A poly relationship takes a variety of forms and is interpreted differently, depending on context, history and cultural considerations. Nonetheless, a poly relationship is contrasted with a monogamous relationship. Rather than an individual maintaining one partner at a time, she has multiple partners, who likewise have some sort of relationship with each other, according to "Opening Up: A Guide to Creating and Sustaining Open Relationships" by Tristan Taormino.
Some features of a poly relationship are as specific as the participating individuals. A common element of a poly relationship is the existence of intimate relationships between more than two individuals, according to Human Truth. The individuals in such a relationship maintain an emotional attachment to each other in the same manner a monogamous couple is emotionally bonded. A sexual relationship also exists, although not all parties to a poly relationship engage in sexual contact with all of the others.
Some religions historically or currently accept poly relationships as a normal union of believers, according to Islamreligion.com. For example, some segments of Islam permit a male to have multiple wives. Similarly, the Church of Jesus Christ of Latter-day Saints historically permitted men to marry multiple women. The Mormons abandoned this practice, but fundamentalist sects that grew out of the Latter-day Saints movement practice polygamy in the 21st century.
Although religious or cultural constraints dictate the combination permitted in a poly relationship, any combination of individuals beyond what constitutes a monogamous relationship is considered poly, according to Human Truth. The most common combination is a triad, in which three individuals form a relationship. The triad can take the form of one man and two women, one woman and two men or a grouping of three individuals of the same sex.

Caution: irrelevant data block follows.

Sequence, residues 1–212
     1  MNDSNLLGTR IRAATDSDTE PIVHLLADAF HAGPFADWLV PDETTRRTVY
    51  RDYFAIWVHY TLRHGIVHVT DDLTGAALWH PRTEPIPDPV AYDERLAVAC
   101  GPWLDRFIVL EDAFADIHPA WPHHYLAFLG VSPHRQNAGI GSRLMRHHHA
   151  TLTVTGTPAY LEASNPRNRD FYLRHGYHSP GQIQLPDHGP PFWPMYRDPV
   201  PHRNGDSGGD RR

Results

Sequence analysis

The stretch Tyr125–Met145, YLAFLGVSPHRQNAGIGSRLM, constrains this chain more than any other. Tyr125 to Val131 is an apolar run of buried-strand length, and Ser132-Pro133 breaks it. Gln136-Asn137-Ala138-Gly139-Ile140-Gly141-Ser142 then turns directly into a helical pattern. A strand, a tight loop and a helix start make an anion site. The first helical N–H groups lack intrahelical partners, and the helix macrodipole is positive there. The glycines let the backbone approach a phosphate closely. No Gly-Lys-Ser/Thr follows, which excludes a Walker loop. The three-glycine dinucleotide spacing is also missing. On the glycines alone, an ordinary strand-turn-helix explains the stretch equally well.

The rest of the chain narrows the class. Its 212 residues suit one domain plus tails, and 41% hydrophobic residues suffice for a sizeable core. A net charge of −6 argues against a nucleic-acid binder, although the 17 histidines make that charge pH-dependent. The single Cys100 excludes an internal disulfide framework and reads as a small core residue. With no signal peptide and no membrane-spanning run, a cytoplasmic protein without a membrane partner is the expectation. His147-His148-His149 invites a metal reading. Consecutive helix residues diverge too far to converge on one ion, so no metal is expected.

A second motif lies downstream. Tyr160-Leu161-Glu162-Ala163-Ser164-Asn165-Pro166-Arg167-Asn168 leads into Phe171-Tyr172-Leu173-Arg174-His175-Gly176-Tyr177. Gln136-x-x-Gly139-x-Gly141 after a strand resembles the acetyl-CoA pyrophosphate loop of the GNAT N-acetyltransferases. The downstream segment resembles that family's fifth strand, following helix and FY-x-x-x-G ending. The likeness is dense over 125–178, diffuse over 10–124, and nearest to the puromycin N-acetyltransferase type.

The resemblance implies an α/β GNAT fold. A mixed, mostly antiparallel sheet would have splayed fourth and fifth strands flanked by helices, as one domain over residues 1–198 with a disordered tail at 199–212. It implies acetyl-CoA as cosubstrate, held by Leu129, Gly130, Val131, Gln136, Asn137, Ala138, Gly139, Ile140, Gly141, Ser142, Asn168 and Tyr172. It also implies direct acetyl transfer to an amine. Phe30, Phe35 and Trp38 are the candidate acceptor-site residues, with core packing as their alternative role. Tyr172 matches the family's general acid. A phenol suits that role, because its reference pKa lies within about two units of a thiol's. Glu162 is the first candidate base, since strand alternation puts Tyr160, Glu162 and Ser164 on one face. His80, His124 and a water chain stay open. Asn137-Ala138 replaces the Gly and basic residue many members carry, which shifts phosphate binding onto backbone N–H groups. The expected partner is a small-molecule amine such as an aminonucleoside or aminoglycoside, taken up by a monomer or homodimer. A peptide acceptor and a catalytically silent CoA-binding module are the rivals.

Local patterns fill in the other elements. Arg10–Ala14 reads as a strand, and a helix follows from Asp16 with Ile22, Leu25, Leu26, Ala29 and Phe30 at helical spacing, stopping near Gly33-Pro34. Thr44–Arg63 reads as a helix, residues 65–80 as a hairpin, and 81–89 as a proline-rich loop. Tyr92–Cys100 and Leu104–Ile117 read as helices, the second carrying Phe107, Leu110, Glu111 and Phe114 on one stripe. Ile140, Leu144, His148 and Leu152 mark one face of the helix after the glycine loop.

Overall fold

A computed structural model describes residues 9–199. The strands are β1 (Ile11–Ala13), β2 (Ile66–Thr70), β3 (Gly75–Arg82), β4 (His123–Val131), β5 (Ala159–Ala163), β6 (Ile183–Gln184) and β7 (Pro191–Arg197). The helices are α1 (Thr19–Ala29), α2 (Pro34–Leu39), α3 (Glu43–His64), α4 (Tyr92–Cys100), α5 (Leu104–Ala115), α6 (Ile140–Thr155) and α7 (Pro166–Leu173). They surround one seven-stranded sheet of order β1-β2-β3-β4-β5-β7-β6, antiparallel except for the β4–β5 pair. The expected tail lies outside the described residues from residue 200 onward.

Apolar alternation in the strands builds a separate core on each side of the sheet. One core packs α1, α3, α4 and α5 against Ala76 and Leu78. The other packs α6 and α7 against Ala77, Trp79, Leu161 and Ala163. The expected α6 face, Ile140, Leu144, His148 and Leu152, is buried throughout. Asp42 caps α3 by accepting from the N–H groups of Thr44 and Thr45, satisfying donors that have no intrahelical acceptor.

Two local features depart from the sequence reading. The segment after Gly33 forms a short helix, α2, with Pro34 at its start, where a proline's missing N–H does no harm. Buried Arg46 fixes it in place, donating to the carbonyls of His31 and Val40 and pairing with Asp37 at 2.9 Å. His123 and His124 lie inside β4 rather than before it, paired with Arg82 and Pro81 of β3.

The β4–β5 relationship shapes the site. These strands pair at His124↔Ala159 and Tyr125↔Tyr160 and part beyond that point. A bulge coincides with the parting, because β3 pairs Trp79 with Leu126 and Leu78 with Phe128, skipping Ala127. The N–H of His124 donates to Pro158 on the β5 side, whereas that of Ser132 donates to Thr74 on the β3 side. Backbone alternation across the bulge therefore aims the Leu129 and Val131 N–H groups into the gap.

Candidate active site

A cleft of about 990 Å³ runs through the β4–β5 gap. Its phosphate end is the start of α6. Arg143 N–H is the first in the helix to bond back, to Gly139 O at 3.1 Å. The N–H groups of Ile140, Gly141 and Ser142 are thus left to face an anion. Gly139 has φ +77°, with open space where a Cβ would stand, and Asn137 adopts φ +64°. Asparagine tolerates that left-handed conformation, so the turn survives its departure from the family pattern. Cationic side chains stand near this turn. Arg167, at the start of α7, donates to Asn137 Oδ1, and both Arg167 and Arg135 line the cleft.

The legality of poly relationships is the subject of controversy. For example, attempts by individuals in a poly relationship to wed in most countries is against the law. Few countries maintain laws prohibiting informal poly relationships when the individuals involved in such relationships refrain from attempting legal recognition of their status.
Some experts maintain that many poly relationships serve a not-so-hidden purpose of allowing men to take unfair or illegal advantage of women, or even minor girls, according to "When Men Become Gods" by Stephen Singular. Singular specifically addresses the fundamentalist sect of Mormons led by Warren Jeffs, the leader who was arrested and prosecuted based on allegations arising out the sexual abuse of minor females.
- "Opening Up: A Guide to Creating and Sustaining Open Relationships"; Tristan Taormino; 2008
- Human Truth: Polyamory: Multiple Loving, Caring Relationships
- "When Men Become Gods"; Stephen Singular; 2008
- The Religion of Islam: Polygamy in Judaism and Christianity